Researchers at Stanford University reviewed 200 studies and found health benefits to largely be anecdotal. Chensheng Lu with Standford University was asked to pick if one was healthier than the other, "Right now I think it's all based on anecdotal evidence".
With a world population that has already hit 7 billion people, finding cropland to feed the worlds masses is no small matter. Organic yields are substantially lower than conventional yields and the only way to obtain additional farmland it to take wildlands. According to Dr. Steve Savage who did the first comprehensive study of organic farming for the USDA in 2008 simply converting the United States alone to organic standards would require substantial additional cropland.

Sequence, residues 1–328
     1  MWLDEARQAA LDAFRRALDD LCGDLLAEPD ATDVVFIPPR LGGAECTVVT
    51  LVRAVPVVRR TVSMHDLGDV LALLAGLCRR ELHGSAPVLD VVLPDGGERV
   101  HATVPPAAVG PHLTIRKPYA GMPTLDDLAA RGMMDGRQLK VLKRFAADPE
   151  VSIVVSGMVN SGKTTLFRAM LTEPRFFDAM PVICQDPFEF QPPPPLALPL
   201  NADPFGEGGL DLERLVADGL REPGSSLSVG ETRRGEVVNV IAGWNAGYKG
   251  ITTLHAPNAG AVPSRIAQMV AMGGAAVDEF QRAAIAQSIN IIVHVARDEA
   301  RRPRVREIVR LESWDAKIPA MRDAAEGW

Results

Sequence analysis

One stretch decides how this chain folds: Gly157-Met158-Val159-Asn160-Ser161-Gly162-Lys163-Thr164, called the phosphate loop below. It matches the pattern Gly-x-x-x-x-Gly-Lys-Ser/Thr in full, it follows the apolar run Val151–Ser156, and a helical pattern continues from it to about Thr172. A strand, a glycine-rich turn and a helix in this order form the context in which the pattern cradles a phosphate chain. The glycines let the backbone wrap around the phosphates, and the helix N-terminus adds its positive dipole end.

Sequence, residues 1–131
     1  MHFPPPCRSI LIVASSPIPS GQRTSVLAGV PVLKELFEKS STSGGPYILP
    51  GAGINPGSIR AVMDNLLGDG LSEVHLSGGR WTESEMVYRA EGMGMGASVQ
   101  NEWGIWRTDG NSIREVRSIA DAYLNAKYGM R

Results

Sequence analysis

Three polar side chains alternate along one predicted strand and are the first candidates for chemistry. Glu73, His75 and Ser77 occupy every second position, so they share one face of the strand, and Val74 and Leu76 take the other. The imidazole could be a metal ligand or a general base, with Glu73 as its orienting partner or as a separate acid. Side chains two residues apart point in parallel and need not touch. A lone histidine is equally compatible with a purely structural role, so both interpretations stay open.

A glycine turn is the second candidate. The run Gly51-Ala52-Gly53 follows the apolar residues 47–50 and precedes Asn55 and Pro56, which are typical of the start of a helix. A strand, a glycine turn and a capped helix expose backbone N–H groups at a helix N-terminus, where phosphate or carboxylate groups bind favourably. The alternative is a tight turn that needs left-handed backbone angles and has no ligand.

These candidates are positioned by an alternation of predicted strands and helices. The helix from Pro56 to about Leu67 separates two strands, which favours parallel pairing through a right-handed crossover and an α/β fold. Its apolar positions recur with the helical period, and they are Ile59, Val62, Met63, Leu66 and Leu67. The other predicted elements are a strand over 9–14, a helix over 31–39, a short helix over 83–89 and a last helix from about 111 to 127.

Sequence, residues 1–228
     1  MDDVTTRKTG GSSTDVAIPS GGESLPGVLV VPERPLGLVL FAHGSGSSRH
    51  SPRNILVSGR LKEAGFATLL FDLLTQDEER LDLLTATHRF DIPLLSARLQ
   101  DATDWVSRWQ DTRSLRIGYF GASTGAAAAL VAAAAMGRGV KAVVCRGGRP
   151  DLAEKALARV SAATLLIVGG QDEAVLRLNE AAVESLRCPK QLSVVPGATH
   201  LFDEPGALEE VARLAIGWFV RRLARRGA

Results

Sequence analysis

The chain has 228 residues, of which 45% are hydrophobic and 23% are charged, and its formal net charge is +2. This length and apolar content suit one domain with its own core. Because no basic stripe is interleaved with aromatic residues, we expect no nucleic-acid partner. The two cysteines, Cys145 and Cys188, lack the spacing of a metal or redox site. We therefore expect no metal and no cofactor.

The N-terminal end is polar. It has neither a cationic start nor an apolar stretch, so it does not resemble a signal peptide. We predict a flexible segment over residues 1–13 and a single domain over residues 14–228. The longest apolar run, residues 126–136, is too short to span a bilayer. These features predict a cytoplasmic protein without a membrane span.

a switch to organic agriculture would require a 43 percent increase over current U.S. cropland, according to Savage. As he puts it, "On a land-area basis, this additional area would be 97% the physical size of Spain or 71% the size of Texas
The first comprehensive studies of organic farming coming back saying that the health benefits are anecdotal and the loss of yield substantial. I'm inclined to call organic farming the Hummer of the Eco movement, to be held in contempt as exposed as simple green washing. I think in years to come it will be looked at no differently than ethanol from corn. Can anyone make a good argument against this?"
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